9

Is there any possibility in Catch C++ Unit test framework to compare std::vectors that are floating point type based? I know that I can compare size of both containers and each element (using Approx) but this is messy.

Comparison of integral types vector works properly.

Now, I must use such construction

REQUIRE(computed.size() == expected.size());
for (size_t i = 0; i < computed.size(); ++i)
    REQUIRE(computed[i] == Approx(expected[i]));

But I would like to use one liner (it works for integral types):

REQUIRE(computed == expected);
11
  • 1
    What is the problem with exact comparison? Dec 15, 2016 at 10:04
  • 2
    Rounding errors
    – miqelm
    Dec 15, 2016 at 10:07
  • 1
    If your rounding errors are inconsistent between runs, your unit test better report that. Dec 15, 2016 at 10:12
  • 6
    @miqelm yeah but as I said, std::equal can relieve you of all the messiness except the actual approximation which is kinda unavoidable: REQUIRE(std::equal(computed.begin(),computed.end(),expected.begin(),expected.end(), [](float x, float y)->bool { return x==Approx(y); }));
    – Ap31
    Dec 15, 2016 at 11:06
  • 1
    yaeah, hopefully someday we'll have standart ranges:) As for the lambda, it's probably better to just define a generic function somewhere and just pass it to std::equal, will save some space too
    – Ap31
    Dec 15, 2016 at 11:43

3 Answers 3

6

The construction below is provided by Catch2 itself. No need to roll your own.

 REQUIRE_THAT( computed, Catch::Approx(expected).epsilon(1.e-5) );
5

You can write

CHECK_THAT(actual, EqualsApprox(expected));

using this custom matcher:

#include <vector>
#include <functional>

#include <catch.hpp>

template<typename T, typename Compare>
struct CompareMatcher
        : Catch::Matchers::Impl::MatcherBase<std::vector<T>, std::vector<T> > {

    CompareMatcher(const std::vector<T> &comparator, const Compare &compare)
            : m_comparator(comparator),
              m_compare(compare) {}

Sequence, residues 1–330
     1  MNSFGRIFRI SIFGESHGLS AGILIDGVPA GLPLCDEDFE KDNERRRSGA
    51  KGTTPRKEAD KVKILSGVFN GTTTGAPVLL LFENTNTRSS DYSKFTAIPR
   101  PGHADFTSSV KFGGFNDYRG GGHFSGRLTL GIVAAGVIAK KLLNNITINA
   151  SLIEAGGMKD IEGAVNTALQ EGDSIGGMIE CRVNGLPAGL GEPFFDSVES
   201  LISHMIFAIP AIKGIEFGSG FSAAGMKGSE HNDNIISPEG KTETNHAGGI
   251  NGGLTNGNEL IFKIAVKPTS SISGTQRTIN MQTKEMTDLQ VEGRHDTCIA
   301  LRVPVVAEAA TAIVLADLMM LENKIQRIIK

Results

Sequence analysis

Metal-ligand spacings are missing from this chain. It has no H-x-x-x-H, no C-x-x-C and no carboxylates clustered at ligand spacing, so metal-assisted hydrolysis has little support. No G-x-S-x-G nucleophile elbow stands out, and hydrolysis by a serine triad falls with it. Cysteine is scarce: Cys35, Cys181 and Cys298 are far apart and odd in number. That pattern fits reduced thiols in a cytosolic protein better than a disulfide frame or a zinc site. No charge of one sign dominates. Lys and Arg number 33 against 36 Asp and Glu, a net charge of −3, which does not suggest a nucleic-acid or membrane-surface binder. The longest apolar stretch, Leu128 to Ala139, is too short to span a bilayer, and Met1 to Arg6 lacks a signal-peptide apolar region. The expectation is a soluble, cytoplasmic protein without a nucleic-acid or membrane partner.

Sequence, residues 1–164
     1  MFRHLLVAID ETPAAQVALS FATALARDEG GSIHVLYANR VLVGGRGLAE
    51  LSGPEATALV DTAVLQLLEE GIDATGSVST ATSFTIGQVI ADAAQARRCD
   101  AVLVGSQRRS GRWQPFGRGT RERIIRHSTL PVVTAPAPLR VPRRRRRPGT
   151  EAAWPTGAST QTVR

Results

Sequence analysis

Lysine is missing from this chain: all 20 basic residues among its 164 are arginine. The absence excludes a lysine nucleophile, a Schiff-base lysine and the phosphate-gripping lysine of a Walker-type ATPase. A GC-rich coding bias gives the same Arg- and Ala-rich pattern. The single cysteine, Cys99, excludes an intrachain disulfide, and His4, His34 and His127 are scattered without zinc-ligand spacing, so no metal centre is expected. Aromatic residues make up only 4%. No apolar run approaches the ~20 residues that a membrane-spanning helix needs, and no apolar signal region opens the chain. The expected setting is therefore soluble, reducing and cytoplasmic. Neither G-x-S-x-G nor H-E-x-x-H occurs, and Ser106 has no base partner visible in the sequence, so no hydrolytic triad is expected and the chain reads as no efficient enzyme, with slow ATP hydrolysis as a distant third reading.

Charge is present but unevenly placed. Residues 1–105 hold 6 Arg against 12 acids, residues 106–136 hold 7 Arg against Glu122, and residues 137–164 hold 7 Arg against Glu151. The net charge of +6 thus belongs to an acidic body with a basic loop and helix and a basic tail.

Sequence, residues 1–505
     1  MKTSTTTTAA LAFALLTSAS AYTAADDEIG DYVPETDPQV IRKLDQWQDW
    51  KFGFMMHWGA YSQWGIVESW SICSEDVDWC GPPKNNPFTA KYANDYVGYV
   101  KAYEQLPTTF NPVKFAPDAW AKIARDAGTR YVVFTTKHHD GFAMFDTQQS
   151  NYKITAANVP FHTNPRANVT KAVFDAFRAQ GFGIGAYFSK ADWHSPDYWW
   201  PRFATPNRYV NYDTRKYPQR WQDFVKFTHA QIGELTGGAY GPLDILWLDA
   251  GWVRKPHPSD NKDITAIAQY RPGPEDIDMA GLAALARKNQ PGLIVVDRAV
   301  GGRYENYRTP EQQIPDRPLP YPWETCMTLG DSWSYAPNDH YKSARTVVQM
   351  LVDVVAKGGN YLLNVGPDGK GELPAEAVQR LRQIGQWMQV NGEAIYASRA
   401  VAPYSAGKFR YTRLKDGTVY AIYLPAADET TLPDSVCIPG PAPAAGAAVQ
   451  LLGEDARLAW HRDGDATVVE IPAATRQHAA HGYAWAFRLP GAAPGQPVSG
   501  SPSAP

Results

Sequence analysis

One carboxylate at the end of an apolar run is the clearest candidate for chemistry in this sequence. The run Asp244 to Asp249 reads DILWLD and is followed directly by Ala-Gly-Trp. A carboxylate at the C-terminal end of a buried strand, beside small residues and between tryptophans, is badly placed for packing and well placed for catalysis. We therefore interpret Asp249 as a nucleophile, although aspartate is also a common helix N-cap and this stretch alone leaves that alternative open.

bool match(const std::vector<T> &v) const CATCH_OVERRIDE {
        if (m_comparator.size() != v.size()) {
            return false;
        }
        for (size_t i = 0; i < v.size(); ++i) {
            if (!m_compare(m_comparator[i], v[i])) {
                return false;
            }
        }
        return true;
    }

    virtual std::string describe() const CATCH_OVERRIDE {
        return "Equals: " + Catch::toString(m_comparator);
    }

    const std::vector<T> &m_comparator;
    Compare const &m_compare;
};

template<typename T, typename C>
CompareMatcher<T, C>
Compare(const std::vector<T> &comparator, const C &compare) {
    return CompareMatcher<T, C>(comparator, compare);
}

auto EqualsApprox(const std::vector<double> &comparator) {
    return Compare(comparator, [=](double actual, double expected) {
        return actual == Approx(expected);
    });
}

TEST_CASE("example", "[]") {
    SECTION("passes") {
        std::vector<double> actual {0, 1.00001};
        std::vector<double> expected {0, 1};
        CHECK_THAT(actual, EqualsApprox(expected));
    }
    SECTION("fails") {
        std::vector<double> actual {0, 1.0001};
        std::vector<double> expected {0, 1};
        CHECK_THAT(actual, EqualsApprox(expected));
    }
}
2
  • How come the final EqualsApprox isn't also a template?
    – aschepler
    Oct 25, 2017 at 11:45
  • Approx is using double .
    – maiermic
    Oct 25, 2017 at 13:57
1

I had the same need and I decided to use the simple macro:

#define CHECK_VEC_EQUAL(x, y) \
    REQUIRE(x.size() == y.size()); \
    for (size_t i = 0; i < x.size(); ++i) { \
            if (x[i] != Approx(y[i])) { \
                    REQUIRE(x[i] == Approx(y[i])); \
            } \
    }

This macro can be used as a one-liner and each successful comparison only counts as a single assertion.

1
  • thanks, the custom compare matcher above is great, but tbh I prefer your macro option] Oct 19, 2021 at 10:29

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